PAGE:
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 Fall 2010

By John Rogers and Erika Spanger-Siegfried

When it comes to energy and water, it’s hard to have one without the other—producing energy uses water, and providing freshwater uses energy. Power plants, for example, use water to cool the steam that spins electricity-generating turbines; fuel producers use water in the mining of coal, extracting of petroleum, and growing of crops for biofuels. Conversely, using water in our communities requires energy to get it there, treat it, heat it, and more. Because of these links between energy and water, problems for one resource can create problems for the other, and the energy-water connection can easily turn into a collision.

The energy choices we make today and in the future will therefore have a major impact on our water supplies and the energy sources that depend on them. UCS has launched a new initiative to examine the nexus between water, energy, and climate change, and to identify and promote clean-energy solutions that can reduce global warming emissions while protecting our water supplies. What follows are just some of the findings of our initial research.

Hidden Water Use in the Home

We all use hundreds of gallons more than we may realize.

Between the kitchen, bathroom, laundry, and yard, the average U.S. family of four uses about 400 gallons of freshwater per day—not including the water required to generate the electricity this family uses. Assuming their home is powered by a coal-fired or nuclear power plant that takes lake or river water for once-through cooling, this family’s electricity use requires an additional 600 to 1,800 gallons of freshwater per day. Just one load of hot-water laundry (using an electric washer and hot-water heater) uses 3 to 10 times more water at the power plant than inside the washer itself.

 This indirect—but massive—water use related to energy consumption underscores the need to invest in water- and energy-saving appliances at home—which will save consumers money in the long run while protecting our natural resources. In addition, consumers can support cleaner electricity generation by purchasing “green power” (from low-water resources such as wind) from their electric utility.

Illustration: © Tyler Kemp-Benedict

Thirsty for Power

The U.S. electricity system requires an enormous amount of water to function: just one day’s worth of electricity generation requires more than 140 times the water used by New York City. More than half of the country’s nuclear power reactors, and almost half of our coal-fired power plants, use “once-through” cooling, meaning they withdraw water from nearby water bodies, pass it through the plant to cool the steam, and return it to the source. Each of these plants withdraws between 20 and 60 gallons of water for each kilowatt-hour of electricity it generates, far exceeding the amount of water used in homes directly.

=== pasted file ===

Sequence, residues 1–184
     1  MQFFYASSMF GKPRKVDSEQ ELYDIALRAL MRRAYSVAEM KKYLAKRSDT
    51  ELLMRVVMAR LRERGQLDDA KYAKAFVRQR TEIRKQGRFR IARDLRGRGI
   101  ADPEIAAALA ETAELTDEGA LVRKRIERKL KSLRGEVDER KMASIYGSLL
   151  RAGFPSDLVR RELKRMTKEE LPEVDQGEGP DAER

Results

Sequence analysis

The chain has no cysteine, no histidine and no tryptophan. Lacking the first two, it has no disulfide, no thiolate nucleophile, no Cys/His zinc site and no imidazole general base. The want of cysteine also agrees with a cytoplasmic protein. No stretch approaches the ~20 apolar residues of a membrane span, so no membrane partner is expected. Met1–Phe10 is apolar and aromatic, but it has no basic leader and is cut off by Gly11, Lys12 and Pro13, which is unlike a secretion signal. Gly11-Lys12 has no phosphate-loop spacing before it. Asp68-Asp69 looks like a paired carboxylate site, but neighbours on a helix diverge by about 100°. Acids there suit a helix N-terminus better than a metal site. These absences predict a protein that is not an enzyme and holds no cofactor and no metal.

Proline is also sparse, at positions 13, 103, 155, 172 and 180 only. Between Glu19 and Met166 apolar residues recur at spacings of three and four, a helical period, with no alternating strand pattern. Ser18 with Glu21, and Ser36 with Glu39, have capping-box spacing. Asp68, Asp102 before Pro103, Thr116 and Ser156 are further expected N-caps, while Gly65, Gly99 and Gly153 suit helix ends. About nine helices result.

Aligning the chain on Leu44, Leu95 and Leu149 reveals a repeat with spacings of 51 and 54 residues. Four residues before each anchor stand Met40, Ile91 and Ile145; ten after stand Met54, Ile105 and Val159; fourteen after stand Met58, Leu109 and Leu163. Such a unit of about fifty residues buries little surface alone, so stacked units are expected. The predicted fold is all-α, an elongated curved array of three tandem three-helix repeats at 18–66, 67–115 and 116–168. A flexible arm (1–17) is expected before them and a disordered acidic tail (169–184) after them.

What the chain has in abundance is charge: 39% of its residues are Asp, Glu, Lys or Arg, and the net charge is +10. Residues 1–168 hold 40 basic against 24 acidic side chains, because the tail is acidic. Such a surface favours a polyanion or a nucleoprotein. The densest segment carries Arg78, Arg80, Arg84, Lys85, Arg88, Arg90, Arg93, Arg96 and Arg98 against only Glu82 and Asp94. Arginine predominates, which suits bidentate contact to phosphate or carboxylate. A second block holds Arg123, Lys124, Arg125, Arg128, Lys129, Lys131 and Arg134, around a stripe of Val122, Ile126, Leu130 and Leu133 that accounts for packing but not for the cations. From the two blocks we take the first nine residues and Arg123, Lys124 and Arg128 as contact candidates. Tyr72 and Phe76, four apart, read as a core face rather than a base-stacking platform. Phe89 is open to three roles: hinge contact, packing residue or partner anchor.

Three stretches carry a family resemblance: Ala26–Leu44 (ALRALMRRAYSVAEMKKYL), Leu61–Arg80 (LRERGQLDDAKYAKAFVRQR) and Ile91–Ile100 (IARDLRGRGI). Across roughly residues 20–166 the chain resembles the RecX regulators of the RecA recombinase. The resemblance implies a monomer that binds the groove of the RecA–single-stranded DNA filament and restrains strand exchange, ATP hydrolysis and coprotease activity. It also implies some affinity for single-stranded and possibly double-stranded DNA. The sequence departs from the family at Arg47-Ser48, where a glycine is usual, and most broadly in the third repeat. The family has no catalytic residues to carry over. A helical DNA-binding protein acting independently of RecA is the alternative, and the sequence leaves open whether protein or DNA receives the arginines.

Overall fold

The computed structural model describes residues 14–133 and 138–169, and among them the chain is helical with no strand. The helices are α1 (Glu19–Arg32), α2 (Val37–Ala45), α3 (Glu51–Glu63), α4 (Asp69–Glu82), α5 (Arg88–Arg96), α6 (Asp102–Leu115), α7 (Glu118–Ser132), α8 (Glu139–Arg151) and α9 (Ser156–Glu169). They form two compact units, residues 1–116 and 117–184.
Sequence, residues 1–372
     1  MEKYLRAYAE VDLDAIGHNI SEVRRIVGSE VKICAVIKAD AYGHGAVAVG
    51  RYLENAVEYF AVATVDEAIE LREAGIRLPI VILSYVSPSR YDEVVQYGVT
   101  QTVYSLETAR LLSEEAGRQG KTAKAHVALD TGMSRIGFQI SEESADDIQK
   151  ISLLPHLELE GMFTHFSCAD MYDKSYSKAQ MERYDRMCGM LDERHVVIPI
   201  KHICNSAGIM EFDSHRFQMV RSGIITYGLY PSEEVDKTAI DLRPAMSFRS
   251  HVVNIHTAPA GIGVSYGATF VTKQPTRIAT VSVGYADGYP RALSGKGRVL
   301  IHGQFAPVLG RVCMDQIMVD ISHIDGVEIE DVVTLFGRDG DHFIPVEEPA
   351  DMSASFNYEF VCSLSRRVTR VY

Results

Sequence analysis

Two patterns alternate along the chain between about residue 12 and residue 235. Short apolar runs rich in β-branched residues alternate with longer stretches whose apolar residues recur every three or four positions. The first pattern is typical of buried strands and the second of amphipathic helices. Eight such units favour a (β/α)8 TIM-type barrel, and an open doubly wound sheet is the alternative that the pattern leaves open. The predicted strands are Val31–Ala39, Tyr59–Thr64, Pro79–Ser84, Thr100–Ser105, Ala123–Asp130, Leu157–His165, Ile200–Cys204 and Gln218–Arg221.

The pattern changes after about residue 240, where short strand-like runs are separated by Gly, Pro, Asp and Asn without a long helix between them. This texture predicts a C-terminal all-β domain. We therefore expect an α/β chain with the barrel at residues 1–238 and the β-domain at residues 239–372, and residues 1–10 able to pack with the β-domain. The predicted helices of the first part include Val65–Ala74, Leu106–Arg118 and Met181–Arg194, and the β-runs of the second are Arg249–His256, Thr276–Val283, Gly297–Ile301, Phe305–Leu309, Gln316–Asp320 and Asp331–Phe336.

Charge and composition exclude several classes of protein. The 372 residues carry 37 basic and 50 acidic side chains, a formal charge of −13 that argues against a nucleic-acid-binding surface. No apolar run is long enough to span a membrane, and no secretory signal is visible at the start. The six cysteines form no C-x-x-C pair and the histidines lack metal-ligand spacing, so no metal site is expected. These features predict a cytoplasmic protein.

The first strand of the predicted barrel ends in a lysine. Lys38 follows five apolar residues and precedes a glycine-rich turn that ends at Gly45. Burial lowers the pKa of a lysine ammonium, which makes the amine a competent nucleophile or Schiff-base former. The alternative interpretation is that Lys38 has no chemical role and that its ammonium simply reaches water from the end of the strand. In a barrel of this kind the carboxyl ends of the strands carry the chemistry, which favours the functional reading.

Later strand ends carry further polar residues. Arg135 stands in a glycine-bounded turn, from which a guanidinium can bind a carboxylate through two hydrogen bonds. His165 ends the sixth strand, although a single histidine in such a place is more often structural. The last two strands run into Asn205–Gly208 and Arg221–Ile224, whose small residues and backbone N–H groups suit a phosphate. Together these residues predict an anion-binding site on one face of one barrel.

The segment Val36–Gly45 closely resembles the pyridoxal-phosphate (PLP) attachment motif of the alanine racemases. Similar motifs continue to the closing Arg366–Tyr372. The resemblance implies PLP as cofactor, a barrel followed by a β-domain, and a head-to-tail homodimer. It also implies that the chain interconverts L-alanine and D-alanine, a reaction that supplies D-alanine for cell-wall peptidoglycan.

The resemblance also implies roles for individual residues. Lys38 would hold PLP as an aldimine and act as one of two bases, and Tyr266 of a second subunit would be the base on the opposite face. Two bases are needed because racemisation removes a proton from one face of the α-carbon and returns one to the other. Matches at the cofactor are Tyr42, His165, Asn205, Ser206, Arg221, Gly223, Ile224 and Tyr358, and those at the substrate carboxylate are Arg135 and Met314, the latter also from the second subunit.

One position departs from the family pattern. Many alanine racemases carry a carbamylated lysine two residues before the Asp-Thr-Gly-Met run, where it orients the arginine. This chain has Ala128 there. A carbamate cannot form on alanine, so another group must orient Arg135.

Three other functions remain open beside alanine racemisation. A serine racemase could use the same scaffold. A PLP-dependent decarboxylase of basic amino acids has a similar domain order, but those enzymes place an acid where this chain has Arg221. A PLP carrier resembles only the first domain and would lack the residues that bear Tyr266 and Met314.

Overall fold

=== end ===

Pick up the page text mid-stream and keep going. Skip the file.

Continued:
Some plants lose large amounts of this withdrawn water to evaporation. For example, just one typical 600-megawatt coal-fired power plant loses more than 2 billion gallons of water annually—an amount that could fill more than 3,000 Olympic-sized swimming pools. 

In Hot—and Dirty—Water

Water discharged from a coal or nuclear plant is hotter—by an average of 17 degrees Fahrenheit (ºF) in summer—than when it entered the plant. Half of all coal plants report releasing water in the summer at peak temperatures of 100ºF or more. This thermal pollution can stress or kill fish and other wildlife.

Thermal pollution is not the only danger to water supplies, however. Arsenic, mercury, lead, and other toxic substances contained in coal plant waste can severely contaminate drinking water supplies. Mountaintop-removal coal mining has buried almost 2,000 miles of Appalachian headwater streams—some of the most biologically diverse streams in the country. And while natural-gas-fired power plants are less water-intensive than coal or nuclear plants, extracting gas from shale deposits can affect water quality and strain water supplies in local communities.

Water Unrest

Water-dependent power plants have had to reduce their output during times of drought—when electricity demand its often at its highest. Photo: © iStockphoto

Water supply conflicts are growing across the United States, particularly in the West, where farmers, electric utilities, cities, and other water users all compete for the same limited resource. Even without factoring in the exacerbating role of climate change (see below), conflicts over water are considered highly likely in major Southwest cities such as Albuquerque, Denver, Las Vegas, and Salt Lake City by 2025.